With it being 2018 and the start of a new year, one would assume it would bring a fresh start, filled with new possibilities and opportunities for the cyber industry. In reality, the problems have remained the same. Nearly every year seems to sprout an attack that impacts organisations on a global scale – 2017 was the year of WannaCry and Mirai in 2016. But for security professionals, there is an even bigger issue that has preoccupied their attention, and it’s even bigger than suffering from a data breach or a cyber-attack.
The latest Ponemon Institute survey revealed that the ‘lack of competent in-house staff’ was the biggest cybersecurity worry for CISO’s. Staffing problems concerned CISO’s more than suffering a data breach (67%), a general cyber attack (59%) or even being affected by ransomware (48%). Some may be shocked to hear that considering the devastation of WannaCry and NotPetya last year.
Many in the industry have cried out for a resolution to plug this critical gap in the cyber market, and with the number of threats mounting, and new innovative technologies being developed, where are the reinforcements of security professionals to take to the online battlefields? This question continues to be left unanswered, but there are some theories as to why this has happened.
Martin Ewings, director of specialist markets at Experis says, “businesses are now challenged to both keep up with the wave of new technologies that are emerging all the time and prepare for ever more sophisticated cyber attack. Add the escalating digital skills crisis, and the extensive requirements of the upcoming European General Data Protection Regulation (GDPR) reform, and it’s hardly surprising that IT security now has a firm place at the top of the boardroom agenda.”
With GDPR coming into force in May of this year, organisations could face fines of up to 20 million if they fail to meet the required data security and compliance laws. This has only added to the demand for data protection personnel, a problem Dr. Andrew Rogoyski, vice president of cyber security services at CGI UK has alluded to. He said the “demand for cyber security talent is greater than it has ever been” with GDPR “pushing organisations to think about how they manage risk.”
Some have called for a complete overhaul of the education system, with action also needed from the Government to promote STEM (Science, Technology, Engineering, Mathematics) subjects at schools. Research by McAfee found that school education played a major role in the decision making for adults who left without adequate IT skills and no knowledge of cyber security. In fact, more than one in five (21%) British adults would have considered a career in cyber security if IT lessons had been more engaging at school, with 15% stating they would have considered a career in cyber security had the lessons been more interesting.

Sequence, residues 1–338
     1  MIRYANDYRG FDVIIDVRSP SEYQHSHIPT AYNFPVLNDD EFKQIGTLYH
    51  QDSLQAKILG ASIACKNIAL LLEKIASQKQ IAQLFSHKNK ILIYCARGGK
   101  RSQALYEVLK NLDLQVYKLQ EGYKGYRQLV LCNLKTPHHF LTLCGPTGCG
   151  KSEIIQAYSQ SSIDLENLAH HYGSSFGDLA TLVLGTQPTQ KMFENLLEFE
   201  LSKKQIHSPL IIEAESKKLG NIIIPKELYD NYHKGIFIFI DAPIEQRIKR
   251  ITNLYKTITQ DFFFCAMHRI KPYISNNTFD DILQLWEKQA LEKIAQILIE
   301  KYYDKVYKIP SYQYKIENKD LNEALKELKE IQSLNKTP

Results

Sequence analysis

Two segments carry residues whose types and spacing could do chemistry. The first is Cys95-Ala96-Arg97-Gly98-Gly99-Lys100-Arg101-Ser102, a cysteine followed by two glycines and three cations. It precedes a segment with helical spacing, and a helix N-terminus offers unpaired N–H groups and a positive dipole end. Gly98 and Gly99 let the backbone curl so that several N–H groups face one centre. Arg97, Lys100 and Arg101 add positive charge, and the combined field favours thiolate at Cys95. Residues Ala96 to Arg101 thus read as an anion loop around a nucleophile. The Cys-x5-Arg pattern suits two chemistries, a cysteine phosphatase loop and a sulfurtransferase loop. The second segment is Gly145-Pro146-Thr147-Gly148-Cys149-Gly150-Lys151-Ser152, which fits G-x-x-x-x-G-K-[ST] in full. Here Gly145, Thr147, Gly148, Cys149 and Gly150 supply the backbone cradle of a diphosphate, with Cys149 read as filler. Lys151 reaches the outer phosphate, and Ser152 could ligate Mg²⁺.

F5 Networks systems engineer David Maclean believes this that the lack of education offered has definitely aggravated the situation, saying “action from Government, educational institutions, and the wider tech industry must work together to help youngsters channel their talent into cybersecurity and pursue exciting and rewarding careers. Education must start early, and courses need to offer the right balance of knowledge and practical skills. This should include industry collaboration with schools and appropriate curriculum changes. Industry role models are also important in helping students understand the significance of cyber-security in a rapidly evolving digital world. Access to better security resources will significantly raise the profile and importance of cybersecurity in the academic curriculum. Done correctly, not only will this help students into new career paths, but it should also better prepare them to better manage their personal data on a daily basis.”
This opinion is echoed by Graeme Gordon, chief executive of IFB and chairman of ScotlandIS, who says that barriers within the industry need to be broken down to showcase the opportunities available to the next generation. He said, “the economy can guarantee jobs for the tech-savvy. Just look at how technology has changed our world; to remain game changers, there needs to be confident, skilled young people to become the new wave of innovators. Let’s build meaningful connections between business, education, and parents as by doing so we will work towards finding our next generation of bright talent.”